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CancerCare Social Workers Lead Workshops on Courage at the 3rd Annual Pediatric Melanoma Summit

alt text CancerCare had the privilege of attending the third annual Pediatric Melanoma Summit, hosted by the Melanoma Research Foundation, to provide supportive workshops to pediatric melanoma patients, their siblings and their parents. In attendance were: Susan Beno, LCSW, Claire Grainger, LCSW, OSW-C and Sarah Paul, LMSW.

Pediatric melanoma is a rare form of skin cancer that presents in children. The National Cancer Institute estimates that approximately 500 children are diagnosed each year. The Pediatric Melanoma Summit gives patients and their families the opportunity to come together on common ground to attend workshops that foster emotional growth and bonding. The summit also provides an educational experience on topics such as sun safety and nutrition. It is hosted each year at The Great Wolf Lodge, which includes access to their indoor waterpark and other family-friendly activities.

After getting to know some of the families on Friday night, CancerCare’s social workers spent Saturday morning with the children, leading two different workshops on courage. In the first part of the morning, Susan worked with the younger children reading a book called “Courage” by Bernard Waber and illustrating dragons that represented what courage means to each child. We had enough books for each family and they were generously donated by Light One Little Candle; an organization designed to encourage cancer patients who are also caregivers to continue to bond with their children throughout their illness by reading books together that have nothing to do with cancer.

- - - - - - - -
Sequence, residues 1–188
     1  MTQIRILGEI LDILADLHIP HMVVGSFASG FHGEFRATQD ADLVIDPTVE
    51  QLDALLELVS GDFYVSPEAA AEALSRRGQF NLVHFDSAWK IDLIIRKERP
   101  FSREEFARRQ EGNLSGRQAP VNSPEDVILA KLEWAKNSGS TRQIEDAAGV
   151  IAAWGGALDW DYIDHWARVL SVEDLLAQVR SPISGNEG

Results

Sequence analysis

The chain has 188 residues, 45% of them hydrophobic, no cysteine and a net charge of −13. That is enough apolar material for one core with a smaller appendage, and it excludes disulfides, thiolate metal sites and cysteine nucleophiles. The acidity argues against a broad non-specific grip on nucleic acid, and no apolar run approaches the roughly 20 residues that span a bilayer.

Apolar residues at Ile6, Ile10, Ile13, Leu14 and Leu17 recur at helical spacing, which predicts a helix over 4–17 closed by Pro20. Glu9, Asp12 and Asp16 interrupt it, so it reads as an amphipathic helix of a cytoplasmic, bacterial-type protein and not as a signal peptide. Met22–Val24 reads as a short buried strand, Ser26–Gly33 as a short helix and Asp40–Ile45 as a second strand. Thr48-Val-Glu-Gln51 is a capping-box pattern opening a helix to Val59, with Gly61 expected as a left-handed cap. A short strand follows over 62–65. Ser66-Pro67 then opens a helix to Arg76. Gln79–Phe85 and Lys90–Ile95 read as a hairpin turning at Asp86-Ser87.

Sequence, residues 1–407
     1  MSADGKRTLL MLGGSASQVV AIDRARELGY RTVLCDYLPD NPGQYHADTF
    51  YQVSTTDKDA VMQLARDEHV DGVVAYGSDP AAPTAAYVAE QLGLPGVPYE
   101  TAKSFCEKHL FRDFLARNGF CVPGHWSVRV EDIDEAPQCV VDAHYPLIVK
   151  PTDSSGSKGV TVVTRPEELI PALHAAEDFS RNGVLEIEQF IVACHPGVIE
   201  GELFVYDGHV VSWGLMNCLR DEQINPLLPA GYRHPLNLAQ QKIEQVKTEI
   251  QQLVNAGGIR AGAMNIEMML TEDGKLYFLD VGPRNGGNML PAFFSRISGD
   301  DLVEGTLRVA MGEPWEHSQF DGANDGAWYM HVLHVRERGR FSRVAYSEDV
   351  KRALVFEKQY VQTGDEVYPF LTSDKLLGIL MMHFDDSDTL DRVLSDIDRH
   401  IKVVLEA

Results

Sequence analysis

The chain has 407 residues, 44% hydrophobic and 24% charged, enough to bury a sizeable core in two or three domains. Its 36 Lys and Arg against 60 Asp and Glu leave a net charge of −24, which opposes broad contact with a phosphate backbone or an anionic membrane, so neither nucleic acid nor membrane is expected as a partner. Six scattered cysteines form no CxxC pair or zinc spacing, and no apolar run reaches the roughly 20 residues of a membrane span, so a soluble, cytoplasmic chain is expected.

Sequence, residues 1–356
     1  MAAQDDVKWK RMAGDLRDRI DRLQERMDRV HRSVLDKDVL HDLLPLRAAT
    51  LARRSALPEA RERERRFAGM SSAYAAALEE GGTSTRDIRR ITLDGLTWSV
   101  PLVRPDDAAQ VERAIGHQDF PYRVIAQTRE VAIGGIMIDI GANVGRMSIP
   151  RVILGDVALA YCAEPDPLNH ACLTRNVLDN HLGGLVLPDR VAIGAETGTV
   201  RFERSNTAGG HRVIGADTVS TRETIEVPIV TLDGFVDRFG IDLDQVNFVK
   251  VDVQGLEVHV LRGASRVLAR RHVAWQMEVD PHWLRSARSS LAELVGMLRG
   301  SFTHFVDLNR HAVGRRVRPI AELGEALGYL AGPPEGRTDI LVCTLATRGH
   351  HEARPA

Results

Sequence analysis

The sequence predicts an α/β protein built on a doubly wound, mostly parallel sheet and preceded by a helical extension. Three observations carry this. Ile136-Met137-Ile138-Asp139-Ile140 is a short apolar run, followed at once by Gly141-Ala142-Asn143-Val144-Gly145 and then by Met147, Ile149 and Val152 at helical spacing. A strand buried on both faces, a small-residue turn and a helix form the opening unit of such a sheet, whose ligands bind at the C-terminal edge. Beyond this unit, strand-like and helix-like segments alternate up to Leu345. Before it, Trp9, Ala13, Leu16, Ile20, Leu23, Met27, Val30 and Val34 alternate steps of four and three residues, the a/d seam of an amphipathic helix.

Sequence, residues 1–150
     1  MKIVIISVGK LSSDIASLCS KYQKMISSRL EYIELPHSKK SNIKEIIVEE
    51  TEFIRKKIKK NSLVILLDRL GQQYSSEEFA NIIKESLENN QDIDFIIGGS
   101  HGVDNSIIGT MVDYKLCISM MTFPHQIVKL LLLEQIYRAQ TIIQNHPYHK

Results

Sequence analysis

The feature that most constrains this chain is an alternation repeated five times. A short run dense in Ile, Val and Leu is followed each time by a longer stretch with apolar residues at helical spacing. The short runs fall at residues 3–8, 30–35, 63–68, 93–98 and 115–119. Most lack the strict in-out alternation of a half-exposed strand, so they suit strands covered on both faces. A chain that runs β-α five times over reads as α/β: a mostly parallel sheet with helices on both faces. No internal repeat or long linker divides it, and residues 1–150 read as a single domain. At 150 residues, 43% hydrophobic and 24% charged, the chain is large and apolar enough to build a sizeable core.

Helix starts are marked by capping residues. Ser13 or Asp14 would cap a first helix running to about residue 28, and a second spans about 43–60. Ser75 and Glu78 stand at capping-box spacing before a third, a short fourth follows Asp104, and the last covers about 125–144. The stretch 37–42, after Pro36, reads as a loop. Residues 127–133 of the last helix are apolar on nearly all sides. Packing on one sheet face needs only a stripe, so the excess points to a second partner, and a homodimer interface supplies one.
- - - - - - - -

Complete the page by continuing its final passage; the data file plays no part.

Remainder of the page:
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While Susan met with the younger children, Sarah and Claire led a workshop on learning how to find inner strength and courage. The group worked on posters titled “Let’s Celebrate Me and My Courage” where they were encouraged to write about their personal strengths in order to embrace their uniqueness. Later that morning, all of the children came together in an activity where they made enlarged self-portraits. This exercise helped them learn about the differences between how they see themselves and how the world may see them. Claire also led a workshop on mindfulness for the parents on Sunday morning while the children attended a yoga class.

Claire reflected, “Our goal was to have these remarkable children and their families recognize the courage that they display, but may not even recognize, to bring forth a sense of empowerment. Children are more apt to understand what it means to be ’mindful,’ and to live in the here and now. They were able to engage in the therapeutic and fun activities and may have even learned a bit about themselves as they supported one another.”

CancerCare would like to thank the Melanoma Research Foundation for including our social workers in their annual Pediatric Melanoma Summit this year. We look forward to future collaborations!

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